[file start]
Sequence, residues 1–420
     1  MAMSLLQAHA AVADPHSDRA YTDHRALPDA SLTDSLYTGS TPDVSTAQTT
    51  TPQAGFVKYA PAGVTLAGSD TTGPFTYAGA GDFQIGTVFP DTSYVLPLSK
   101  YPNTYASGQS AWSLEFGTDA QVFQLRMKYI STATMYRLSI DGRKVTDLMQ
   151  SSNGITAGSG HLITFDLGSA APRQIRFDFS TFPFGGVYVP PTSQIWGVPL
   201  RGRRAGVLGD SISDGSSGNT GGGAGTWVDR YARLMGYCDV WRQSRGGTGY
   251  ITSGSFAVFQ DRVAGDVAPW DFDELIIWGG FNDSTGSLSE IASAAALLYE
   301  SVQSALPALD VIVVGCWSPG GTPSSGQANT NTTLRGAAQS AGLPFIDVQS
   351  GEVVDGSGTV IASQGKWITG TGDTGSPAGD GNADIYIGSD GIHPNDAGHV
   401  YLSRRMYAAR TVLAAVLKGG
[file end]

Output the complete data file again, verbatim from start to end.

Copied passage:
Sequence, residues 1–420
     1  MAMSLLQAHA AVADPHSDRA YTDHRALPDA SLTDSLYTGS TPDVSTAQTT
    51  TPQAGFVKYA PAGVTLAGSD TTGPFTYAGA GDFQIGTVFP DTSYVLPLSK
   101  YPNTYASGQS AWSLEFGTDA QVFQLRMKYI STATMYRLSI DGRKVTDLMQ
   151  SSNGITAGSG HLITFDLGSA APRQIRFDFS TFPFGGVYVP PTSQIWGVPL
   201  RGRRAGVLGD SISDGSSGNT GGGAGTWVDR YARLMGYCDV WRQSRGGTGY
   251  ITSGSFAVFQ DRVAGDVAPW DFDELIIWGG FNDSTGSLSE IASAAALLYE
   301  SVQSALPALD VIVVGCWSPG GTPSSGQANT NTTLRGAAQS AGLPFIDVQS
   351  GEVVDGSGTV IASQGKWITG TGDTGSPAGD GNADIYIGSD GIHPNDAGHV
   401  YLSRRMYAAR TVLAAVLKGG